Audrey, Grant and I were in my Buick on the mountain between Pigeon Forge and Townsend and we were stuck at a hairpin turn.  Four cars had spun out ahead of us and they were blocking our lane. They were  an indication that if we tried to negotiate this curve, we would not make it either.

Even if we were going to drive through this tricky curve, we would have to move into the lane for oncoming traffic since that was the only lane available. And if we got stuck there, then both lanes would be blocked.


We weren't in mortal danger. In the very worst case scenario we could give up and spend the night in our car on the side of the road. We had water and blankets and even a portable gas stove, which was Grant's Christmas present, wrapped with a bow in the trunk of the car. 


Still, I really wanted to make it through this hairpin turn and get back to our cabin in Townsend for Christmas Eve.  



Audrey and Grant and I took a moment to consider our options. None of them seemed very good. Should Grant get out and push the cars out of the snow and get them unstuck? Should we try to drive around them in the lane for oncoming traffic? Should we call for help? Should we give up and spend the night on the side of the road in our car?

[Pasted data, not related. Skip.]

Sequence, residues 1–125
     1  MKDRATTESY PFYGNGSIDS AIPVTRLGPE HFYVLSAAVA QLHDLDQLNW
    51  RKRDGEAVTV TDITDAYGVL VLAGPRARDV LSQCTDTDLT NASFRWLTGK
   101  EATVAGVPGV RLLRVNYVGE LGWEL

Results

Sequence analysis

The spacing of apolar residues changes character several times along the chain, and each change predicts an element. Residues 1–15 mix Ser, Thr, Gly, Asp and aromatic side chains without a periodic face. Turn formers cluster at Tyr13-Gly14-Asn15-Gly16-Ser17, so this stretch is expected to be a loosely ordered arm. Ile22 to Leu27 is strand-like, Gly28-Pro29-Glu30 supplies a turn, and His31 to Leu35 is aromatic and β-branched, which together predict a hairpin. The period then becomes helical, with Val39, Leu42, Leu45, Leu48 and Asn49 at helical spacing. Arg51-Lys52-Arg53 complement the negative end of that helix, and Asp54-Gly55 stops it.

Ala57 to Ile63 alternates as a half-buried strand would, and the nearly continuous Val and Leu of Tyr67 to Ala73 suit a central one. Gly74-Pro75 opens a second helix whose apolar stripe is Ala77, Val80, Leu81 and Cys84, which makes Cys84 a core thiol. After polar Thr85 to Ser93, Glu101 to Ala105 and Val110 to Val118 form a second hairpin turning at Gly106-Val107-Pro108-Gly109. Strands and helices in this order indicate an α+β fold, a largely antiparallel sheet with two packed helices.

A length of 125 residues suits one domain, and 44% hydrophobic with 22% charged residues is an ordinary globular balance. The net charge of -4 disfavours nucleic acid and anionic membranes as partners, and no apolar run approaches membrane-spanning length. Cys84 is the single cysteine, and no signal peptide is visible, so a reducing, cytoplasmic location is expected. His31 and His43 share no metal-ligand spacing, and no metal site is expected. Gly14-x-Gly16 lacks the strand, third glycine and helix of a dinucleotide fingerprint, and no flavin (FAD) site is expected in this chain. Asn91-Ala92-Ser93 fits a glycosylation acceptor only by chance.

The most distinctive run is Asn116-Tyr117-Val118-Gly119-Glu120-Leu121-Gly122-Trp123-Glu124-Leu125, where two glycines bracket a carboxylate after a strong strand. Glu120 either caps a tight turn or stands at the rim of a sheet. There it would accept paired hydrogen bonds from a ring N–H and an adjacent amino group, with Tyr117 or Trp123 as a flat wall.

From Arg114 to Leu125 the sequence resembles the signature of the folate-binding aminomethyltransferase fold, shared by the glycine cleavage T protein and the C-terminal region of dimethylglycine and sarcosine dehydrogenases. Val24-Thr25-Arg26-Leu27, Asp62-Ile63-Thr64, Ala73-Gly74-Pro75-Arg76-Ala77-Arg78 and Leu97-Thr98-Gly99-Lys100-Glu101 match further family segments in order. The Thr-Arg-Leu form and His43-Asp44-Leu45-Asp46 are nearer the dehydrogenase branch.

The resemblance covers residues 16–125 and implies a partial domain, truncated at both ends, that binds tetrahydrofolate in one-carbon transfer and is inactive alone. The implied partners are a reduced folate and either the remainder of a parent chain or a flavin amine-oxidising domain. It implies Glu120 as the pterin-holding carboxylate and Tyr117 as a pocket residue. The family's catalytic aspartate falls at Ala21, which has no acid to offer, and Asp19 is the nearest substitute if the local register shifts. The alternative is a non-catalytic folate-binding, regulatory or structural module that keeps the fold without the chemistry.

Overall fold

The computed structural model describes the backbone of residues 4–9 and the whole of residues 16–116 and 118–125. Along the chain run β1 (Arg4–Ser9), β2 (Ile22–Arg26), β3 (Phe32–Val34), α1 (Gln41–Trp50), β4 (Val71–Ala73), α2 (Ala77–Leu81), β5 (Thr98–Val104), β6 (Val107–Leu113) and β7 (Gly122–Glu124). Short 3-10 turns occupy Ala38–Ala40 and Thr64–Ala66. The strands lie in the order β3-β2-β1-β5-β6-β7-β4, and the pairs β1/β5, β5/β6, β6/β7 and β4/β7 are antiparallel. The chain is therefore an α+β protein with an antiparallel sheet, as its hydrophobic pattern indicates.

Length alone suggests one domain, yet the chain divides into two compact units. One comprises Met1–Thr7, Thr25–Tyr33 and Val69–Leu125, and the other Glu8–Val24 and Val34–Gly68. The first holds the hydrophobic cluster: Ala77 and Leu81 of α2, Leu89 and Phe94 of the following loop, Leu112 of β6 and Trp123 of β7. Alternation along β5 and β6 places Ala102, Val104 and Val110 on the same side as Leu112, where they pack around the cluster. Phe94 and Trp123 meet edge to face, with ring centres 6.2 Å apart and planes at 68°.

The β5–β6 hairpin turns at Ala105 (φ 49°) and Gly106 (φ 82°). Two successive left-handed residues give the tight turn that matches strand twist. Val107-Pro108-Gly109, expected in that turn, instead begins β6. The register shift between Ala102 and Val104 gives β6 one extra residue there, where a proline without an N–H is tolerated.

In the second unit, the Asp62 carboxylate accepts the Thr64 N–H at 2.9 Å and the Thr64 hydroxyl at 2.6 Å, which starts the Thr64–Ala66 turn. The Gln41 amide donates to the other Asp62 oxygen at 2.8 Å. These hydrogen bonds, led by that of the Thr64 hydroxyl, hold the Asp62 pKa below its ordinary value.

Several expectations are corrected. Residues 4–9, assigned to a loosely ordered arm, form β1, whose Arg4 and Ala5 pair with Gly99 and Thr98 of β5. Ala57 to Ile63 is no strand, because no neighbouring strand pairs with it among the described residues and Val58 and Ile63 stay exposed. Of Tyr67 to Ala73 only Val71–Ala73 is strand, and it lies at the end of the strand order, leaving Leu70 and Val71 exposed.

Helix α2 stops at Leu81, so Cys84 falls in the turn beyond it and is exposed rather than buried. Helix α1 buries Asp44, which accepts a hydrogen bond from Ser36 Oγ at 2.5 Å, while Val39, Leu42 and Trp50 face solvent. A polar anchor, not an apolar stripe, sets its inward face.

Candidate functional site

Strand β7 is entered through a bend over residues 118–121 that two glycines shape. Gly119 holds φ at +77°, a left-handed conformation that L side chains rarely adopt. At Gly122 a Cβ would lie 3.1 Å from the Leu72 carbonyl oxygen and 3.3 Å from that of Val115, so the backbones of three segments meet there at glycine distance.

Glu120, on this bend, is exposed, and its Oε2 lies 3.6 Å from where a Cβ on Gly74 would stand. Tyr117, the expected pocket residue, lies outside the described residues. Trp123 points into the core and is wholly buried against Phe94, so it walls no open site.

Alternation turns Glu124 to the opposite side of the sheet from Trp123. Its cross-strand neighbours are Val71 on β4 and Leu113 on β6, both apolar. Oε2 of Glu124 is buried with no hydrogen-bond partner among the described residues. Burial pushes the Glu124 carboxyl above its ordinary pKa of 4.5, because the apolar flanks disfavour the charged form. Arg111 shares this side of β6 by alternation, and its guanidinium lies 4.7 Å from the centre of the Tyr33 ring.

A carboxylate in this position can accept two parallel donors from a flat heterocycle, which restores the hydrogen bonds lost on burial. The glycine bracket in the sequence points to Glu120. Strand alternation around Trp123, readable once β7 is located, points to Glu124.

Calling for help seemed futile. There were dozens of cars stuck on the side of the road on this mountain pass. And if these tiny Tennessee towns were equipped with emergency vehicles, they would have been there by now. 


Inside the car it was quiet for a while. The windshield wipers scratched back and forth across a layer of ice on the windshield. The dashboard GPS screen glowed in the darkness, a spinning wheel that was picking up no signal. Even outside the car, the newly-fallen snow had created a layer of hush all around us.

"You know, I just remembered something," Audrey broke the silence. "All my friends say that if they could have one person with them in a crisis, they would want it to be me."


I nodded. She is good in a crisis.


"How about this?" she continued. "How about if I get out and walk up to the other side of this curve, and ask the cars from that direction to stop for a few minutes while you drive around the curve in their lane?"


I nodded slowly. It seemed like our best chance. We looked at the curve ahead of us. Maybe we could make it. But then I shook my head. I was afraid we would spin out like the four cars that were blocking our lane. 


But this was happening. Audrey got out of the car to tell the two cars in front of us about our plan and see if they wanted in on the action. We sort of knew them. They had gotten stuck on the ice on the last two curves and Grant had gotten out to help push them across.